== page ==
Discovered: early risers are healthier than night owls; robots take one more step toward self-awareness; antibiotics expand our waistlines; octopi are conscious.
The early bird gets the healthier life. Shockingly, research has shown that staying up into the wee hours may be the reason why you're so groggy and unproductive. The University of Toronto's Renee Biss and Lynn Hasher surveyed over 700 people of varying ages and sleep patterns, gauging respondents' moods and general health. They found that people who wake up early tend to be happier and more productive than those who stay up late. They argue that "larks" have more positive affects than "owls," and tend to lead healthier lives. [Inc.com]
Antibiotics are making us fat. You don't have to look far for reasons why Americans are getting heavier. We scarf down processed foods, sit far too much, and don't exercise enough. But maybe we should look a bit harder for causes of the obesity epidemic. New studies show that we might want to start by opening the medicine cabinet. Antibiotics profoundly alter our microbiome, the gut bacteria that breaks down food in our bodies. This makes it easier for our bodies to put on fat. Mice and children both put on weight when given antibiotics in recent studies. "Early life antibiotics are changing the microbiome, and its metabolic capabilities, at a critical time in development," says NYU microbiologist Martin Blaser. "These changes have downstream effects on metabolism, including genes related to energy storage." [Wired]
Octopi have consciousness. Consciousness is one of the ways we humans explain our position at the tippy top of the food chain. But scientists are starting to doubt that we alone are conscious. The new Cambridge Declaration on Consciousness—a document signed by neuroscientists of all stripes—argues that octopi, elephants and chimpanzees all exhibit signs of advanced thought. "The weight of evidence indicates that humans are not unique in possessing the neurological substrates that generate consciousness," the researchers write. 'Non-human animals, including all mammals and birds, and many other creatures, including octopuses, also possess these neurological substrates." The octopus earned its way on to the list by virtue of its ability to collect coconut shells and use them as a portable means of shelter. Tool use such as this denotes significant problem solving and memory skills, scientists believe. [Scientific American]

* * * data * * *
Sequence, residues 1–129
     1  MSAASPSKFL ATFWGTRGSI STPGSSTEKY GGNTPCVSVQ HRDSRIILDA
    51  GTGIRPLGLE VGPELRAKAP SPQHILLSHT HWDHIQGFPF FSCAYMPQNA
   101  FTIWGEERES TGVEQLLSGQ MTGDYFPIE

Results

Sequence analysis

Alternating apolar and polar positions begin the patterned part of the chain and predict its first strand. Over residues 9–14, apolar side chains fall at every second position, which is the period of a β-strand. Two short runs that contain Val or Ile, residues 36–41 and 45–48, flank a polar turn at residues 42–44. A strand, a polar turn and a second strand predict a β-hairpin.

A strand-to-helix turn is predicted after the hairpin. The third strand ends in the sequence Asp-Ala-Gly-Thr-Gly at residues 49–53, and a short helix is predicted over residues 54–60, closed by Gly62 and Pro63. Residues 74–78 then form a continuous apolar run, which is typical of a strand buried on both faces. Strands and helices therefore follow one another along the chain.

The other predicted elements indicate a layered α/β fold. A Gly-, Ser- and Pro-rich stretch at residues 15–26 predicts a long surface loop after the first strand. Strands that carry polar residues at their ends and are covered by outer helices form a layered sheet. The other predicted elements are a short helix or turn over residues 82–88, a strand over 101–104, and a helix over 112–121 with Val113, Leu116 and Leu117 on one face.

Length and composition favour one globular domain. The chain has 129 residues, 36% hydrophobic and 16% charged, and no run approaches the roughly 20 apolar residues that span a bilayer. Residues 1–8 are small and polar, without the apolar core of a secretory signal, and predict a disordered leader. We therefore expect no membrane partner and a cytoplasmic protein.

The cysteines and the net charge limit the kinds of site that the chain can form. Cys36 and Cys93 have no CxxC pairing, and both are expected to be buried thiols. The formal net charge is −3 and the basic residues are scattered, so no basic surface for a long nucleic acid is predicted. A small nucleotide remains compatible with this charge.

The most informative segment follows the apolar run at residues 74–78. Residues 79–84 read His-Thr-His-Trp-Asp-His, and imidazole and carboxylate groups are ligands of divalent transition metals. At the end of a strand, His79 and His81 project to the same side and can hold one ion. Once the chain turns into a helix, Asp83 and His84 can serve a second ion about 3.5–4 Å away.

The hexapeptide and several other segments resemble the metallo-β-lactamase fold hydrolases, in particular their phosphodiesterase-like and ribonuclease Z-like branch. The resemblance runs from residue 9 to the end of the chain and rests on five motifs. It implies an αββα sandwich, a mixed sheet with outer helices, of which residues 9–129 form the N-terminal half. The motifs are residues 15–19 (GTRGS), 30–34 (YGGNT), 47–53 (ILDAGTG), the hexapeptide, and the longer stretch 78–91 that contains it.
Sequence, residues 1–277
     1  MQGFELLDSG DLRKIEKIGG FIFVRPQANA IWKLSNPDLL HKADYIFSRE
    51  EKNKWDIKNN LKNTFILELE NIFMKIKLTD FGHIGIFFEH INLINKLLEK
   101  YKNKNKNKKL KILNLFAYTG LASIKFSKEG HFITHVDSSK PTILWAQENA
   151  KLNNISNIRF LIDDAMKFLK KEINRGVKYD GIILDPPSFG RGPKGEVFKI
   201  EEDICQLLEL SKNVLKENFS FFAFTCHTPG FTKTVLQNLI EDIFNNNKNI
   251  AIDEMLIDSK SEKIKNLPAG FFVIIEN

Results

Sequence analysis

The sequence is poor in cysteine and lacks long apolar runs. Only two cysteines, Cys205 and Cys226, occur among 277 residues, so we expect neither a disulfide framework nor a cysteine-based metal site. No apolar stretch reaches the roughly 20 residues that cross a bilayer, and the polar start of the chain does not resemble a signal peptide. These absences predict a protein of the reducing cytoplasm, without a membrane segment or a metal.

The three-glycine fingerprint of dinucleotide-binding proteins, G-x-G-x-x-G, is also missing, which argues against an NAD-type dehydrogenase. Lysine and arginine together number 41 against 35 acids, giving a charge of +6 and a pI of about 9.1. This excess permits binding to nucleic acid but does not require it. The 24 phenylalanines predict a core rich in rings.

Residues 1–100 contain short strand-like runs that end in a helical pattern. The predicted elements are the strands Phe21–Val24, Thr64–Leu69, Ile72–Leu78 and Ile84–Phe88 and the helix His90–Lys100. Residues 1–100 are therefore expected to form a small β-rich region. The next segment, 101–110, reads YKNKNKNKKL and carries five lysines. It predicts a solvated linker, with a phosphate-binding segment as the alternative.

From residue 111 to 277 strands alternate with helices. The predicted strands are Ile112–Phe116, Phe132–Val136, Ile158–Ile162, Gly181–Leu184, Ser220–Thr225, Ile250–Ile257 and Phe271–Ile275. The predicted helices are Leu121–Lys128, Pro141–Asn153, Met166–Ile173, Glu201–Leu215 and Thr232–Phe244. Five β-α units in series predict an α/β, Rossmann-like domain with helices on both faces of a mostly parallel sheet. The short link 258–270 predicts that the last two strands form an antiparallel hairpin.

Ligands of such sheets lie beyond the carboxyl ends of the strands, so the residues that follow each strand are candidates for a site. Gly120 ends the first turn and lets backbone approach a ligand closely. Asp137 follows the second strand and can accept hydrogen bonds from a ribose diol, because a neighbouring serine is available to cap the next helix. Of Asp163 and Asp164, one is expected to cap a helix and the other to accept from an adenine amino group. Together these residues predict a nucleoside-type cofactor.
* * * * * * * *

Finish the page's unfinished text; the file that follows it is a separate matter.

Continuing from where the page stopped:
Mirror, mirror on the wall, who is the most advanced robot of all? We're getting one step closer to a Blade Runner-esque world in which robots become indistinguishable from humans. Or at least a world in which robots are very vain. Yale University researchers Justin Hart and Brian Scassellati have programmed a robot that can recognize itself in the mirror. When it extends its arm in front of a reflective surface, NICO can calculate the position of its limb with an accuracy in the range of two centimeters. This type of spatial awareness is new in the field of robotics. "What excites me is that the robot has learned a model of itself, and is using it to interpret information from the mirror," says Hart. [New Scientist]
This article is from the archive of our partner The Wire.
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